It is a tournament that has provided the national team with their best moment in recent times, and India will be raring to taste similar success when they kick off their 2012 AFC Challenge Cup campaign in Kathmandu on Friday.
Coincidentally, the team they are up against first is Tajikistan, the same side they had drubbed 4-1 in the final of the 2008 edition to qualify for the prestigious Asia Cup after a gap of 27 years. That glorious night in New Delhi represented a high point for Indian football, one that suggested that the team might finally be ready to turn a corner after years of failure and disappointment.
Much has changed in these four years though, and it is a very different group that will take the field with the responsibility of carrying forward those hopes. The man at the helm is also no longer the same – Bob Houghton, the Englishman who oversaw the 2008 victory, was removed after helping India qualify for the 2012 event (India topped their group in the qualifiers in Malaysia last year, up against Pakistan, Chinese Taipei and Turkmenistan); and the man now in charge is his former assistant, Savio Medeira.
The squad also has a new look to it, without several of the players who were a part of that winning campaign, including star striker and talismanic captain Bhaichung Bhutia and seniors Climax Lawrence and Mahesh Gawli. India will miss their experience and quality, especially as they find themselves as the lowest-ranked side in a difficult group.
Incredibly, it is for Bhutia that India have found the best replacement so far, with new skipper Sunil Chhetri by far the key player on whom hopes will rest. It was his winning goal in the semi-final and hat-trick in the final that had brought India success in the 2008 tournament, and the AIFF Player of the Year will be expected to lead the charge once again, especially in Bhutia’s absence. The Mohun Bagan striker is on his way back from injuries, but he had a prolific 2011 with the national side (13 goals in 17 games), finishing as the topscorer as India won the SAFF Cup.
Jeje Lalpekhula, out with a knee injury, will be a big miss and Sushil Kumar Singh is likely to partner Chhetri up front, though Medeira may also be tempted to try the promising Joaquim Abranches or CS Sabeeth.
The Goan coach will have no choice but to field inexperience in midfield, however, with Anthony Pereira the only veteran among talented youngsters like Jewel Raja, Lalrindika Ralte, Rocus Lamare and the highly-rated Adil Khan. Meanwhile, Francis Fernandes, on the left flank, and Reisangmi Vashum, on the right, have shown glimpses of their ability in friendly matches prior to the Challenge Cup and could play a crucial role in creating opportunities for the strikers.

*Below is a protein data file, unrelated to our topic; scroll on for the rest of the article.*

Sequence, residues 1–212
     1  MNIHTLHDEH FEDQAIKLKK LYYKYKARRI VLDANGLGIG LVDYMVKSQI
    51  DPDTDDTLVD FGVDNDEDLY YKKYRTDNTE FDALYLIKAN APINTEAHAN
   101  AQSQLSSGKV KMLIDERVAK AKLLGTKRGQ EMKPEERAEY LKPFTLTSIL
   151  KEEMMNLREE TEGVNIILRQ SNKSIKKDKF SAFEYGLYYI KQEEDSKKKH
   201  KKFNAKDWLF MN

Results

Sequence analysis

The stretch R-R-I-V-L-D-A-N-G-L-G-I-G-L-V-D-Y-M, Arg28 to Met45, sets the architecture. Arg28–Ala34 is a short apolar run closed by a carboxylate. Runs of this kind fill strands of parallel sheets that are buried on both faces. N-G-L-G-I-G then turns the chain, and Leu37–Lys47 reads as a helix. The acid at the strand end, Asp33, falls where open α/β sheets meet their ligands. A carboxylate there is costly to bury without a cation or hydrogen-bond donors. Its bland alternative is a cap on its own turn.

India’s main worries, as Medeira has also admitted, will be in defence. Gourmangi Singh, though not in the best of form, is India’s best central defender, with his useful height and timely tackles providing the team with some much-needed solidity at the back. Finding a regular partner for the 26-year-old has proved to a real headache so far though, with Samir Naik likely to follow Gawli into retirement soon and Anwar Ali woefully out of form. The unproven East Bengal pair of Nirmal Chhetri and Raju Gaikwad may prove to be the better options, while Syed Rahim Nabi, at rightback, will be expected to repeat his impressive showing in the SAFF Cup, as will first-choice goalkeeper Karanjit Singh. Nabi, especially, is crucial not only in defence but also as the creator of the majority of India’s goal-scoring opportunities.
The team’s task will not be made any easier by their higher-ranked opponents in the ‘Group of Death’. The most formidable will be defending champions Korea DPR, who participated in the 2010 World Cup and, at 111, are the highest-ranked side in the group. 2006 winners Tajikistan, meanwhile, will be gunning for revenge, while even the injury-hit Philippines, placed two notches above India at 156 in the FIFA rankings, cannot be taken lightly.
India’s recent results aren’t very encouraging either. The team has played three friendlies coming into the tournament – losing 5-1 to Oman and 3-0 to Azerbaijan, before finally beating an amateur Dubai-based Iranian club 3-1 in their last match. However, coach Medeira fielded largely experimental sides in those games, partly due to injury concerns, and the SAFF Cup was won in December despite being preceded by a 5-0 friendly loss to Zambia.
So, with the team still in transition and Korea DPR the clear favourites, India’s first focus will be to at least finish second in their group so as to qualify for the semi-finals. Competing against such stronger sides will also provide important lessons to the young team, helping them grow and boost their confidence.
For Medeira personally, a second successive major trophy, that too on foreign soil, will improve his chances of keeping the job beyond May 2012, when his contract expires.
“It is the ambition of every coach and every team to win the trophy and I have confidence in the boys I have selected,” he said. “If they have confidence in the way they play on the pitch, then we can have a good tournament.”
Most of all, with a place in the 2015 Asia Cup at stake, India will be hoping to write another famous chapter in their history. As Sunil Chhetri said, “We need to carry on the legacy for the benefit of Indian football.”
Goalkeepers: Karanjit Singh, Subhasish Roychowdhury, Arindam Bhattacharya
Defenders: Nirmal Chhetri, Raju Gaikwad, Sameer Naik, Gourmangi Singh, Anwar Ali, Kinsukh Debnath, Syed Rahim Nabi (vice-captain), Gurjinder Singh
Midfielders: Adil Khan, Anthony Pereira, Reisangmi Vashum, Rocus Lamare, Francis Fernandes, Jewel Raja, Lenny Rodrigues, Lalrindika Ralte
Forwards: Sunil Chhetri (captain), Sushil Singh, CS Sabeeth, Joaquim Abranches
March 9 - India vs Tajikistan
March 11 - India vs Philippines
March 13 - India vs North Korea